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More than 40 percent of businesses disrupted by disaster without a continuity plan never reopen. However, according to the 2017 Allstate/USA Today Small Business Barometer survey, just over half of small business owners have a business owners policy; about one-third carry professional liability; and only 14 percent have business interruption insurance.

Bad things can happen to any business

Having insurance to cover your business should be a given, so why aren’t small business owners protecting themselves from potential disaster? In part, it is because many small business owners are focused on immediate issues, making insurance one of the last things they think about, stated Lindsey Rykman, an Allstate agency owner based in Marietta, Ga who specializes in commercial insurance.

Yet, she added, without that insurance, a single event could stand between the company staying open or closing. Rykman provided this example: A power outage and surge ruined a florist’s refrigerated inventory and damaged the refrigerator, resulting in thousands of dollars in lost merchandise. It took days to repair the refrigerator, leaving limited inventory to sell during that time. Luckily, there was coverage, because without insurance, Rykman said, “they would have gone out of business.”

“A lot of businesses aren’t aware of the potential losses,” said Loretta Worters with the Insurance Information Institute. “I tell small business owners they have to be their own risk manager, taking a close look at the potential risks for their business.”

Unfortunately, many small business owners don’t know what they don’t know.

Eliminate your burden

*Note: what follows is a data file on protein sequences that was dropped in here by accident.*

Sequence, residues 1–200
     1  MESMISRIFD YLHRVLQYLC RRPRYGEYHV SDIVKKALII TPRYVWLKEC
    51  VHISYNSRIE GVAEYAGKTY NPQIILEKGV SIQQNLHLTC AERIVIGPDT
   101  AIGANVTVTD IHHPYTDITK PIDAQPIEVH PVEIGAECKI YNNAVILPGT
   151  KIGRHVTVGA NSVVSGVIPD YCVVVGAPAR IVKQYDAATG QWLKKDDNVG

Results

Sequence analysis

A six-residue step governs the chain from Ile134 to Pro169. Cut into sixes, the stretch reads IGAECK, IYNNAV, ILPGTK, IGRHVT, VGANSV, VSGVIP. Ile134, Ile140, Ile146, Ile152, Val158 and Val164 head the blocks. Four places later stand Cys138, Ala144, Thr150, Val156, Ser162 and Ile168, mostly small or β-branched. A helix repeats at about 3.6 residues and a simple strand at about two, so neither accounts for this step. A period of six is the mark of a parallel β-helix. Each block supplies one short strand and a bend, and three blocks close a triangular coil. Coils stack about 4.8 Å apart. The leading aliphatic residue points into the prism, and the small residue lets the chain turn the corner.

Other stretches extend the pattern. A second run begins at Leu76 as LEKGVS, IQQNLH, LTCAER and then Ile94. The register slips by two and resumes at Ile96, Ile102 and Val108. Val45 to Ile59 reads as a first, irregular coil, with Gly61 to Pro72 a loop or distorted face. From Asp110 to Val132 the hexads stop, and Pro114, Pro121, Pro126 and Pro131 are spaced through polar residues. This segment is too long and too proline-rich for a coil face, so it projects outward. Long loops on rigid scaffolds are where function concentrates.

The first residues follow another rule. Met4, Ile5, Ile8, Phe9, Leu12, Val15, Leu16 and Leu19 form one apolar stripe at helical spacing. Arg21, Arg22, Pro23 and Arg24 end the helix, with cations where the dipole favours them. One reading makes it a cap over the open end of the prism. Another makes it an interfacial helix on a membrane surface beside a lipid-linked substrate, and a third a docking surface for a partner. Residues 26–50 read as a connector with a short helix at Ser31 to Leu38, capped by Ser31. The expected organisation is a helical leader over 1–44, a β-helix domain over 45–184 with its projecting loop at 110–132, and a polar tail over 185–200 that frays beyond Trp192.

When Dr. Richard Ambrozic, owner of Southern Vein & Laser; Southern Skin & Wellness Center, a multi-office medical practice, opened a new facility in the Atlanta area, he already knew Rykman, but it was the reputation of her business that led Ambrozic to work with her.

Rykman and her team are thoughtful, helpful and there when you need them. “That’s all you can ask for from an insurance agency,” said Ambrozic.

Having an agency owner like Rykman has been beneficial to Ambrozic. “You have a million things to think about as a small business owner, and you don’t want to have a hassle when there’s a problem. The last thing you want to worry about if a problem arises is how you’re going to deal with it.”

Ambrozic has not had to file a claim, but Rykman has helped him prepare if that time comes. His company equipment and vehicles are covered under Allstate Insurance Company business policies. He also has protection from Allstate for his personal life, auto and home insurance. Rykman has even helped with health insurance for the staff.

“He just calls me to say he has a new vehicle or equipment, and we can help,” Rykman said.

Experts can help 

Allstate understands the needs and concerns of small business because each agency is a small business itself.

“[We have] a trusted advisor model that we follow,” said Rykman, explaining the steps she takes to build relationships with customers. “We also live in these communities and use these businesses.” Knowing their customers and their businesses personally allows agents like Rykman to build individual, trusting relationships.

“Building a relationship is all about knowing the customer,” Worters added. “Your insurance agent can’t help you select the right coverage if you aren’t open about your needs.”

“Customers expect their agent will take care of them,” Rykman stated. With an agent, you’ll have someone who understands your challenges and helps with solutions to keep you protected if disaster strikes.

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